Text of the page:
The previous post explored challenges posed by a stock that disappoints, in this case, the disappointing reaction to news that HALO was requested to provide additional information to the FDA on a new drug they had submitted for approval. According to my “selling rules” discipline,
In short, decisions to sell stocks should be the exception rather than the rule and those exceptions fall into the following categories:
- individual stocks where risks associated with that stock appear to have increased:
- Sell a stock that you may have bought incorrectly (i.e., too early, too late after a breakout buy point, a stock pattern fails or you erred in reading a chart incorrectly) and performance disappoints shortly after the purchase.
- Sell any stock that has a surprise including such events as reporting an accounting error, a badly missed earnings announcement, a significant top management change or terminated merger and acquisition discussions. [example, HALO’s announcement of more delays in FDA approval of a new drug].
- Sell a portion of a stock position that, because of a large run, ends up comprising too large a percentage of your total portfolio and thereby increase its risk (a large position in NFLX or PCLN are examples).
- Reduce exposure to an industry group if it falls out of favor (for-profit education stocks come to mind).
- Sell a stock that has underperformed the market and you expect to continue doing so over the near term future as measured by its relative performance during the time you’ve held it (of course there are many of these I could name).
- Sell a stock opportunistically to generate funds to take advantage of a stock you believe has relatively greater potential than the successful stock position you’re selling. I discourage this because it often results in nothing more than account churning and ultimately worse performance for the total portfolio over the long run.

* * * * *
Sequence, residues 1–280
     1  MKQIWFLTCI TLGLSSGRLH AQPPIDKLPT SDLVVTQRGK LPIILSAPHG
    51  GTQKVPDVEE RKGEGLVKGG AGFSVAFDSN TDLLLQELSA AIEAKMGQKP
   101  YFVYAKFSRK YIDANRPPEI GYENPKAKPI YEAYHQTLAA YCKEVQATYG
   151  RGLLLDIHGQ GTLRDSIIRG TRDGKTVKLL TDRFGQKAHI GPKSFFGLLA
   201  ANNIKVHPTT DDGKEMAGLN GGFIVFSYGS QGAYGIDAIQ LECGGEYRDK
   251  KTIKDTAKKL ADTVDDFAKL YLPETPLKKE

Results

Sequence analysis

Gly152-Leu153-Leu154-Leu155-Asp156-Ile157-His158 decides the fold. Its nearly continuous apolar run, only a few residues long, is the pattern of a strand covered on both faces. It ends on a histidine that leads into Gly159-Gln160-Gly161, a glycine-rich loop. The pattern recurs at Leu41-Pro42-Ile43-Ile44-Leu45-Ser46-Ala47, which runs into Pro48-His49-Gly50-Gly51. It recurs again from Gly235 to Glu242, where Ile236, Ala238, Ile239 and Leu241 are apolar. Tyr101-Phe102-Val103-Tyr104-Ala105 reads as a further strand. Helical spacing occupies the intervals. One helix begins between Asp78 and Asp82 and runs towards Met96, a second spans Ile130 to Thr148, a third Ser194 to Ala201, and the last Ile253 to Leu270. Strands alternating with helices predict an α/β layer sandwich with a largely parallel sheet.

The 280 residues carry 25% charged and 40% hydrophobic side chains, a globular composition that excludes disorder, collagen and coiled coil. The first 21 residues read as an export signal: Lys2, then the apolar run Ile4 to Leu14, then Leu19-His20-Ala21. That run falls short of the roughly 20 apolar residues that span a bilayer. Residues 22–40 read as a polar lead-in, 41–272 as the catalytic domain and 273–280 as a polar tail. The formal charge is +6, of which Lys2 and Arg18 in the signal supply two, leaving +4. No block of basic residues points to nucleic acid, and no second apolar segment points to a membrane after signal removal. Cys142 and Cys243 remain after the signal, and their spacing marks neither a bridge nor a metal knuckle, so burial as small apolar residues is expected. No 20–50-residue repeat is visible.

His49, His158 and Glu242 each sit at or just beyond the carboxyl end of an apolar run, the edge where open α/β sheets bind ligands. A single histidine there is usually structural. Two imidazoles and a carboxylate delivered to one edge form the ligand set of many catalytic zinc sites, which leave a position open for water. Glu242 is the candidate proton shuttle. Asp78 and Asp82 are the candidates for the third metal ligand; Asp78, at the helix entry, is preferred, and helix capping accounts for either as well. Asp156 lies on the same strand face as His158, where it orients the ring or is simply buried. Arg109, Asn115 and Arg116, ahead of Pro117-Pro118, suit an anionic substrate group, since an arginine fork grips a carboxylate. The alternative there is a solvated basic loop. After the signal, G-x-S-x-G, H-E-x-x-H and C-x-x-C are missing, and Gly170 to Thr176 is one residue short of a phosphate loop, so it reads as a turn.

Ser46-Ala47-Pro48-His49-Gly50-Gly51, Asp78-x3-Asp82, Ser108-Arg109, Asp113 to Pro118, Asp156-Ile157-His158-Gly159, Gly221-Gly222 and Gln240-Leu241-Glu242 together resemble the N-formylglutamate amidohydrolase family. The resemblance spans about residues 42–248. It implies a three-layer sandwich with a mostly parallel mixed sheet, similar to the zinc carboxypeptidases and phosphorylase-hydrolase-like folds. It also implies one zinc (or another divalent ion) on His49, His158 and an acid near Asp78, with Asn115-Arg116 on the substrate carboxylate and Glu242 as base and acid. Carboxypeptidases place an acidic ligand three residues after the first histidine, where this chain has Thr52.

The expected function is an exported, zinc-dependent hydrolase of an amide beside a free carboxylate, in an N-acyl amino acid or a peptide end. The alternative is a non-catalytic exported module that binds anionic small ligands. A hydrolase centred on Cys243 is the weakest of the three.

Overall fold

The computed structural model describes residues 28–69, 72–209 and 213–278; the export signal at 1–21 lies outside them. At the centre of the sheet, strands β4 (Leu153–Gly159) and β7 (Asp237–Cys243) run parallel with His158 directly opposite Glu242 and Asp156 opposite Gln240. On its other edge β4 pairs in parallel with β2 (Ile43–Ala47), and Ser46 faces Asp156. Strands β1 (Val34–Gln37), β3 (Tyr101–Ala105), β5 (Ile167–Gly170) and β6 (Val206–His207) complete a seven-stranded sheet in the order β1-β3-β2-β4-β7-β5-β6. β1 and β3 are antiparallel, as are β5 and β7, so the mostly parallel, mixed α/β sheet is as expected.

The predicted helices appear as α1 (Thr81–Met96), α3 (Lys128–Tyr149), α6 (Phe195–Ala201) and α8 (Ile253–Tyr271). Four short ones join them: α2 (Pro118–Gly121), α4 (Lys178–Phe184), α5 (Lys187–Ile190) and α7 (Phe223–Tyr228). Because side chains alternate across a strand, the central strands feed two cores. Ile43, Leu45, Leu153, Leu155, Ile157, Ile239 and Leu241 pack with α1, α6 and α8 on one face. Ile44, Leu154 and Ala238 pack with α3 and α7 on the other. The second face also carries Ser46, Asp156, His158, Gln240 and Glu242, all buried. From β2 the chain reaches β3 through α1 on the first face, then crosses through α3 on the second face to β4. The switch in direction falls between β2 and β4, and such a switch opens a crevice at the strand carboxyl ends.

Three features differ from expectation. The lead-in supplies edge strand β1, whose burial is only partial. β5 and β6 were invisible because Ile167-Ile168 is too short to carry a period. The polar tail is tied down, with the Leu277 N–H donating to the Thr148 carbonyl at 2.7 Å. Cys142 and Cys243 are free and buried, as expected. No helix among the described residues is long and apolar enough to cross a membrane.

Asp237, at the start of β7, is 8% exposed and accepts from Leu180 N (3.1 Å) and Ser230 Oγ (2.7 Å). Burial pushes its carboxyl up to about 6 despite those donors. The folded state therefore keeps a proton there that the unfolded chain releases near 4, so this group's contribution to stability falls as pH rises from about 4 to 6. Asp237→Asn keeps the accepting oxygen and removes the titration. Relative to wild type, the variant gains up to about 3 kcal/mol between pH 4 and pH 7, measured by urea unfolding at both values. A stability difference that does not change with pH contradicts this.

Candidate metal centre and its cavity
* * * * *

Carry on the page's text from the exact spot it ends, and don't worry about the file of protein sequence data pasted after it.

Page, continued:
But stocks follow chart pattern rules more often than they disappoint, especially when they have the wind of a favorable market behind their back. The following three stocks have moved extremely well after crossing above significant resistance levels (stocks that I had add to my portfolio over the past couple of months). According to the Sell Rule Discipline, there’s no apparent need to sell these stocks even if the market enters into a “Sell in May ….” sort of consolidation over the summer (click on images to enlarge).
While astute chart reading is important to being successful in the stock market (the number one requirement being that purchases need to be timed with market health and momentum), an even more critical factor to successful performance is to “hold on to your winners and quickly sell your losers“. Just because these stocks show double digit appreciation since purchase, there’s nothing to indicate that the market won’t resume advancing after it consolidates.
These stocks and others that have crossed above significant resistance levels may retreat along with the market but there’s nothing to indicate that they need to be sold …. unless they fall below those resistance level breakouts and market momentum moves from consolidation to clear reversal.